Atoms As Big As Mountains — Neutron Stars Explained

Neutron stars are among the most extreme things in our universe Similar to gigantic atomic nuclei, several kilometers in diameter, incredibly dense and violent. But how can such a thing can it exist? The life of a star is maintained by 2 forces. Its own gravity, and the pressure resulting from nuclear fusion. At the heart of the stars, hydrogen merges in helium. This hydrogen eventually runs out. If the star is massive enough, helium 'fuses' into carbon.

The heart of these imposing stars is separates in a layer, like an onion, as more atoms in addition dense accumulate in their center. Carbon fuses into neon, then into oxygen, then silicone. Finally reaching the iron, no longer able to merge, the reaction stops. The radiation pressure then drops quickly. The star is no longer stable, and if the mass of his heart exceeds 1.4 times the mass of the sun, a titanic collapse takes place. The ends of the star reach speeds of during 70,000 km / s rushing towards the center of the star.

Photo by Manouchehr Hejazi on Unsplash

Only the fundamental forces internal to the atom can fight gravitational crushing. 

The push back due to quantum mechanics electrons is exceeded, electrons and neutrons fuse in neutrons as tight as the atom of a nuclide. The outer layers of the star are catapulsed into space in a violent supernova. We now have a neutron star! Its mass is between 1 and 3 times that of the sun, but compressed into an object of 25km in diameter!And 500,000 times the mass of the Earth in this little ball, which is about the diameter of Manhattan. The density is so great that a cubic centimeter of a neutron star contains the same mass as an iron cube 700 meters aside. This comes down to around 1 billion ton, as massive as the mount Everest, for the volume of a sugar cube. But the gravity of such a star is impressive! By dropping an object 1m from its surface, it would reach the star in 1 microsecond, accelerating to 7.2 million km.s. The surface is very smooth, not the least bump beyond 5 millimeters, and a very fine plasma atmosphere.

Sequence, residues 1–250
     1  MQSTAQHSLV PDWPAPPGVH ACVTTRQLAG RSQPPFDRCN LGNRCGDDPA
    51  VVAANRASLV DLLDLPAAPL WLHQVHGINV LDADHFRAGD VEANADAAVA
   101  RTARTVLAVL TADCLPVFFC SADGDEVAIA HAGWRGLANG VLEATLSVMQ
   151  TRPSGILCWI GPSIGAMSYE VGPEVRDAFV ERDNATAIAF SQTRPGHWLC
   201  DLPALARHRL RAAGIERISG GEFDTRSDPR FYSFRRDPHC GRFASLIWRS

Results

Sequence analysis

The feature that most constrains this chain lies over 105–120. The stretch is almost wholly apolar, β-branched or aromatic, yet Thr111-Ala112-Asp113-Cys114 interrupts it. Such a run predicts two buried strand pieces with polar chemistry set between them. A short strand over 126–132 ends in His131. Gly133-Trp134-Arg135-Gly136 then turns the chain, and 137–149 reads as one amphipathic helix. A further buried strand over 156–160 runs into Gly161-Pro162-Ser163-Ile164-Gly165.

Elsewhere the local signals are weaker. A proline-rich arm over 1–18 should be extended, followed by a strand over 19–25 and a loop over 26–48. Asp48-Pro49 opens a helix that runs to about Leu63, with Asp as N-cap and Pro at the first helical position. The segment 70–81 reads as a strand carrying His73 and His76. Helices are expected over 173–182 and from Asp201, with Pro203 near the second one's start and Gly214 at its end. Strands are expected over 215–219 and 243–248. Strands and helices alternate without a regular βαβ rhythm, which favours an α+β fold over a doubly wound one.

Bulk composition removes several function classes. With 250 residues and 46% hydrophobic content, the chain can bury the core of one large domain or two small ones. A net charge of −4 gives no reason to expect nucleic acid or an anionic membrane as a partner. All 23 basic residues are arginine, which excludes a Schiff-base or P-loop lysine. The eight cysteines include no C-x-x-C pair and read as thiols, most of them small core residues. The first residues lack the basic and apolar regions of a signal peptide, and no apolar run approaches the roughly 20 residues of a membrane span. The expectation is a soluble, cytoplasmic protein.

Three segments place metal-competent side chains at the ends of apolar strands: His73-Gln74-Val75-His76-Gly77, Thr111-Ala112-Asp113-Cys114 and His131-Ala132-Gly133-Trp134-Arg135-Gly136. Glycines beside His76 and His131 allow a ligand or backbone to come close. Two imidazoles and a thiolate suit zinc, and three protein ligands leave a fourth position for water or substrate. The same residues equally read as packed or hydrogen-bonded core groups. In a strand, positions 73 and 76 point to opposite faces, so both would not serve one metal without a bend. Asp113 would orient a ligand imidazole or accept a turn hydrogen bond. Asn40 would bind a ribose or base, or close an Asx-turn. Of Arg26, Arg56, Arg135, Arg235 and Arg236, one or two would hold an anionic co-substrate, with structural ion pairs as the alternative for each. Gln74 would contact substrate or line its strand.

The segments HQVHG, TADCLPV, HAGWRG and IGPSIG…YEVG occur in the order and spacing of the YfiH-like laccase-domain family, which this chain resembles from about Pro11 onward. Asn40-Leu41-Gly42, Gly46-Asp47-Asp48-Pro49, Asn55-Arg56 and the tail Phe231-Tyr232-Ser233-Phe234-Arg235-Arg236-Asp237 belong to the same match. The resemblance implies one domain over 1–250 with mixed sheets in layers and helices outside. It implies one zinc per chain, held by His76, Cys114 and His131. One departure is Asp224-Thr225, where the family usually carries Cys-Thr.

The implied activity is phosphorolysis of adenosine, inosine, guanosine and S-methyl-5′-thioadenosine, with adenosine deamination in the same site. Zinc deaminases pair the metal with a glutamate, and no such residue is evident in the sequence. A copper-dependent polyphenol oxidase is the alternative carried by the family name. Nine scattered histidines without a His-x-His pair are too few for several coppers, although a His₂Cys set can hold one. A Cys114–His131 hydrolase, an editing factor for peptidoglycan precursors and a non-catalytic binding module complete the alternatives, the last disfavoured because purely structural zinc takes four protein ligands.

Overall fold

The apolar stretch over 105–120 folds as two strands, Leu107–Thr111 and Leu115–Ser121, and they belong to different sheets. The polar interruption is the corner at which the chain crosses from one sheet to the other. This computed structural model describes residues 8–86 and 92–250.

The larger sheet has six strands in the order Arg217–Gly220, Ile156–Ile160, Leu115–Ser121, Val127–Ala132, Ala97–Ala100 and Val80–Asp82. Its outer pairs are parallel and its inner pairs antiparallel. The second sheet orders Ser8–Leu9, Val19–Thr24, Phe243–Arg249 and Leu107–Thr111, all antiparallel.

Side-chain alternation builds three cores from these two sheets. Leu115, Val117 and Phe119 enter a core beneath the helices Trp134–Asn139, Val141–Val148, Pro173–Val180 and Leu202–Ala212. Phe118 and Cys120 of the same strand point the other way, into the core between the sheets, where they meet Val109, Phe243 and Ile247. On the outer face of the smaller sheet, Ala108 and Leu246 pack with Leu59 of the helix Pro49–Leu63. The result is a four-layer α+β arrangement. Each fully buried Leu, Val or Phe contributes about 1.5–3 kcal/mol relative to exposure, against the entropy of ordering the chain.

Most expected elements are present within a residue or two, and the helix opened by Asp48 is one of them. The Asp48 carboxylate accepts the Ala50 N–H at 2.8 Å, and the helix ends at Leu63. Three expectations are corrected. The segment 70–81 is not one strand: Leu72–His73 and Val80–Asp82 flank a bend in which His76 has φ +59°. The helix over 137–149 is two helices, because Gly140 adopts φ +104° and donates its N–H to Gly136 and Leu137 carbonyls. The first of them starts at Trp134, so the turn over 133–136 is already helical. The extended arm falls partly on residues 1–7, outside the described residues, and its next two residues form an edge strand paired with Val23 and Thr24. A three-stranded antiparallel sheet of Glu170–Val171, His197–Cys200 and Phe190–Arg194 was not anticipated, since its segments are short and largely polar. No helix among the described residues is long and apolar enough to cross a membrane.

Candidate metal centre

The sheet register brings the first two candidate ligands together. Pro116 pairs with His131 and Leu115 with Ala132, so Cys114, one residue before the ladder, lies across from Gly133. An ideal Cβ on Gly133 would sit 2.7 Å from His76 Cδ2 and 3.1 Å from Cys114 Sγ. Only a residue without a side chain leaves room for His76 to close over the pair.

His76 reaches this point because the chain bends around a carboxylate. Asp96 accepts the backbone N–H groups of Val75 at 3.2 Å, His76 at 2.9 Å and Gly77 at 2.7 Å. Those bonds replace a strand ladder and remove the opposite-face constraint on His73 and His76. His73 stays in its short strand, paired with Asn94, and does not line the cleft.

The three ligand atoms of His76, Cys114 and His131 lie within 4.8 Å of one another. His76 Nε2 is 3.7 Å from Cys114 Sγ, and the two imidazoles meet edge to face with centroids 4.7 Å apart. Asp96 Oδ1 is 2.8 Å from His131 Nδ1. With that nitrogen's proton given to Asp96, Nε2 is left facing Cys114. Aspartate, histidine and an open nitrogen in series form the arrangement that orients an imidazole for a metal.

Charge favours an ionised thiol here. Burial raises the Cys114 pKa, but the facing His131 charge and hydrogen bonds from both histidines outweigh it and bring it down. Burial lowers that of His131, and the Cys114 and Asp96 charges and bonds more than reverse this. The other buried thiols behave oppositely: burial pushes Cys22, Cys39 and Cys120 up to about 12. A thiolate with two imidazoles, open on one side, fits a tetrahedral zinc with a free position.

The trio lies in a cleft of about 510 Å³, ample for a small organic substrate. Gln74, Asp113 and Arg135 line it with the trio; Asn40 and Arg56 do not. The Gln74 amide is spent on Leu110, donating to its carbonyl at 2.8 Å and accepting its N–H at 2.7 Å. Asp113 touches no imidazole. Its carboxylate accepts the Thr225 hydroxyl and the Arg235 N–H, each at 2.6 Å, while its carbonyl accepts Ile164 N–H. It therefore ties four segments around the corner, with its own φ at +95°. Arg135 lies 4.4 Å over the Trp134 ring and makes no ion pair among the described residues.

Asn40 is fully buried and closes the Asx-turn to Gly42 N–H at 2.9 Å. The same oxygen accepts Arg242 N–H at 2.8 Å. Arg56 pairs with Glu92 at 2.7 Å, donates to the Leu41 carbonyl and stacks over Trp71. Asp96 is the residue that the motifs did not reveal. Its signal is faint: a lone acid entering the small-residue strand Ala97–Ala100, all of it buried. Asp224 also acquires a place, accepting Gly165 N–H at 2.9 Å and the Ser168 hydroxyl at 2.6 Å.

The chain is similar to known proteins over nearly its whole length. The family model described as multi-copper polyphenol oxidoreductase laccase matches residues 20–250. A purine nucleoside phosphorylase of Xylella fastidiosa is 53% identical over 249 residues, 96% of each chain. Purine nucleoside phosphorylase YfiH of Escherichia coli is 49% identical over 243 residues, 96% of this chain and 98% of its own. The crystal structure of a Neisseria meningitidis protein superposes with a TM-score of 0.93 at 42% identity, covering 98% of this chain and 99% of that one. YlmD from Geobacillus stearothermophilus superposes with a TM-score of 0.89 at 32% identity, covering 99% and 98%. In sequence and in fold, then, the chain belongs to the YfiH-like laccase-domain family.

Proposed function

The surface temperature is around 1 million Kelvin, compared to 5,800 Kelvin for our sun.

 And in the heart of this star, The crust is very rigid, presumably composed of an arrangement of iron atoms, embedded in an ocean of electrons. The closer we get, the more neutrons we see and the less protons we see until you reach an incredibly soup dense with indistinct neutrons. The hearts of neutron stars are very, very strange. We are not sure of their properties but we assume it it is "superfluid degenerate matter neutrons ", or some kind of super-dense quark, called "quark-gluon plasma". It makes no sense in life daily and cannot exist only in such extreme conditions. We can compare a neutron star to a huge core of an atomic nucleus.

But the big disparity is that the heart nuclei is maintained by force interaction, whereas for these stars is gravity. And if this was not extreme enough, Let's take a look at their other properties. Young neutron stars spin up to several rotations per second. And if a close star feeds a neutron star, the spin can go up to 100 rotation per second. Such as the object PSRJ1748-2446ad. It spins at around 252 million km / h. So fast, the star has a strange shape. These objects are called 'pulsars' because they emit powerful radio signals. The magnetic field of such a star is about 8 billion times greater to the Earth's magnetic field. So powerful that the atoms are compressed when they enter their area of ​​influence. I hope it's clear from now on. Neutron stars are extreme, but are also among the most peculiar of our universe. Maybe someday we'll send vessels to see more clearly! But let's keep our distance! Subtitles made by the Amara.org community

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